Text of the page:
By Alan Scherstuhl
By Stephanie Zacharek
By Carolina Del Busto
By Amy Nicholson
By Simon Abrams
By Kevin Dilmore
By New Times
By Amy Nicholson
What we see here in the early 1990s inside Carandiru prison, the infamous Såo Paulo detention center where 7,500 men were regularly crammed into cellblocks designed for 3,000, is an elaborate social structure -- as weirdly elegant as it is Darwinian -- in which the weak are cast aside (or cared for) by the strong, inmate leaders wield more power than the penal administrators, and the pecking order determines everything from the availability of designer wall-hangings, private TV sets, or crack cocaine to the denial of a few square feet in which to curl up and grab a private gulp of air. This form of self-governance may seem cold-hearted. But compared to, say, the bloody totalitarianism by which inmate gangs like the Aryan Brotherhood now rule many American penitentiaries, it looks oddly rational, with a lot of room for stolen comforts and secret pleasures. Inmate law prevails, but this brand of inmate law respects the varieties of inmate need.
In tone and texture, Carandiru falls somewhere between the brutal reality of the cable-TV prison series Oz and the romanticized fantasy of The Shawshank Redemption, and that middle ground reflects not only Babenco's obsession with careful, almost theatrical character development, but the 1999 book from which the film was adapted. The Brazilian best seller Carandiru Station was written by Dráuzio Varella, a prison doctor who worked part-time inside the detention center for 14 years, getting to know the inmates and, if we can believe him, gaining their confidence as physician, confessor and friend. The same irksome note of self-congratulation that characterizes Varella's memoir seeps into the movie (as played by Luiz Carlos Vasconcelos, the good doc remains invariably wise and patient throughout), and it's easy to suspect the author of self-service, despite his noble battles against AIDS, TB and scabies.
Nonetheless, the film's inmate portraits are vivid, well-rounded and, in some cases, surprisingly witty. As Carandiru winds on (for 145 minutes, you may want to know) toward a tragic conclusion that crushes our notions of a prison society that, for its own purposes, works, we come to care deeply about these imprisoned men -- not least because we also get flashback glimpses of their previous lives and the crimes they committed. Among the dramatis personae: round-faced old Chico (Milton Gonalves), who patiently awaits a visit from his daughter and dreams of flying off in a balloon; the tough, macho Highness (Ailton Graa), whose appetites on the outside included two feuding wives and two separate families; florid Lady Di (Rodrigo Santoro); and tiny No Way (Gero Camilo), whose gay romance is not only accepted inside Carandiru, but celebrated as a sign of civility preserved. There's the doomed drug dealer Zico (Wagner Moura), whose crack supply gets the best of him; and a pair of fastidious, middle-class bank robbers (Floriana Peixoto and Ricardo Blat) who ran afoul of the law only because one suspects his wife of infidelity. Best of all, Dagger (Milhem Cortaz), a lifelong killer who, in a sudden revelation of self, refuses to stab a fellow inmate. The sad, foolish stories of these lives, past and present, fold together with a kind of cruel beauty.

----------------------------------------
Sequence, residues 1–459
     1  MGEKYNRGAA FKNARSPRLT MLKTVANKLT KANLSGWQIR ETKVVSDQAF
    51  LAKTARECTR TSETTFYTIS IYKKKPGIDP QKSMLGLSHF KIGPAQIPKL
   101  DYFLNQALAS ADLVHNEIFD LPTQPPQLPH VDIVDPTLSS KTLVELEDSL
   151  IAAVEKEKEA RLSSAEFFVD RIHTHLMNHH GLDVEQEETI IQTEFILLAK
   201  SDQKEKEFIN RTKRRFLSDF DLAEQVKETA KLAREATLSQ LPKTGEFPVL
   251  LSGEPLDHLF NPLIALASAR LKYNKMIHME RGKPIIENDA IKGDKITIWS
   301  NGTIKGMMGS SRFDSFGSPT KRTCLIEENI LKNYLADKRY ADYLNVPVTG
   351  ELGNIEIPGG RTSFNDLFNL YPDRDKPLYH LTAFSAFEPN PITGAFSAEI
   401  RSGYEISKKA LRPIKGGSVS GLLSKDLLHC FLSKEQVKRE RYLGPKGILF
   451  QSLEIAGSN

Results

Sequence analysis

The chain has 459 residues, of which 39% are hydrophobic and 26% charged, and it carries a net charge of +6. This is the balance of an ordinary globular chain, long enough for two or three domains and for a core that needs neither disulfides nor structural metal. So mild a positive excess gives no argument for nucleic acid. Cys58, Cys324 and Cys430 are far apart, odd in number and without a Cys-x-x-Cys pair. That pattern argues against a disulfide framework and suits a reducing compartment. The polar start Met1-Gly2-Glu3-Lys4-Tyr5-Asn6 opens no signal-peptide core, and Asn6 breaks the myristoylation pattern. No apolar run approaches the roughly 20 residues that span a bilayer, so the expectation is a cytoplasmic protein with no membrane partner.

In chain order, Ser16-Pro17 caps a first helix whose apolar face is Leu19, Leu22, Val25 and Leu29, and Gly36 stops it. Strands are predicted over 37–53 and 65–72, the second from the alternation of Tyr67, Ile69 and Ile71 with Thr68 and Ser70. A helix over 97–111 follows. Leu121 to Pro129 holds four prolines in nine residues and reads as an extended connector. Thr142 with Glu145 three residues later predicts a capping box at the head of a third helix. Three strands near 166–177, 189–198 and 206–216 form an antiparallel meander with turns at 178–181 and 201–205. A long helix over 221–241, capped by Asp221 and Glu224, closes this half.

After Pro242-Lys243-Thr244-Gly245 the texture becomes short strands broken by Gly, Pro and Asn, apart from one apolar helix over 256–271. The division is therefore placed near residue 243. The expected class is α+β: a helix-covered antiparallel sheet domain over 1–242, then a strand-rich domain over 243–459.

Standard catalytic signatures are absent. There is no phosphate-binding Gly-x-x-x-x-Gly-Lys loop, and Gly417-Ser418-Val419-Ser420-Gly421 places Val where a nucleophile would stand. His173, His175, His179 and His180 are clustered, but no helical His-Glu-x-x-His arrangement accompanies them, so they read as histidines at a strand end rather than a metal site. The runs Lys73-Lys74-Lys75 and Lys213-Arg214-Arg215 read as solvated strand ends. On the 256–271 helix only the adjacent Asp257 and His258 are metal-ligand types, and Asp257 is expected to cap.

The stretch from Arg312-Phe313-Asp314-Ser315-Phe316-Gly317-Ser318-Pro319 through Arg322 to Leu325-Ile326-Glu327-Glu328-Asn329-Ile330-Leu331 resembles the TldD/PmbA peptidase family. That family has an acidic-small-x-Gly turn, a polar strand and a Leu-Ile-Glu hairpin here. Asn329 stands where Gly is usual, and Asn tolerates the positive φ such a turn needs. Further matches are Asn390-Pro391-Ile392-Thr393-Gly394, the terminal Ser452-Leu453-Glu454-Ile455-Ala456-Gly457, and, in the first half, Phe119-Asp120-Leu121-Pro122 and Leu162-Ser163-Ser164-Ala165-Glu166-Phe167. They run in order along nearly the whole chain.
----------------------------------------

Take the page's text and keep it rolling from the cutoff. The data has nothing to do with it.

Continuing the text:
So when the climactic massacre comes, we're really not ready for it -- despite our long-held expectations about prison movies. That some trifle, an exaggerated slight, could trigger an inmate riot may make sense. But when the Såo Paulo riot squad storms in and starts slaughtering the prisoners -- 111 were killed, on October 2, 1992 -- we don't know why. What hidden tensions in Brazilian life caused this to happen? Was it sheer irrationality? Political determination gone crazy? Babenco provides no context, and we are left baffled except to suppose that the endangered street urchins he revealed to us in Pixote never really had a chance -- that hard life and fate would bring them, a decade hence, to their destruction. In any event, we are left hugely disturbed and disoriented, as if our house, too, had been invaded by madmen and raked with machine gun fire. Given that, it's a relief when Babenco's cameras are on hand to witness the 2002 implosion of Carandiru Prison. In eight seconds, the ugly, blocky gray buildings tumble into piles of rubble, seeming to take with them the souls of the men who once lived inside. The moment is pure Babenco -- full of the irony, regret and human failing that transcend history itself.
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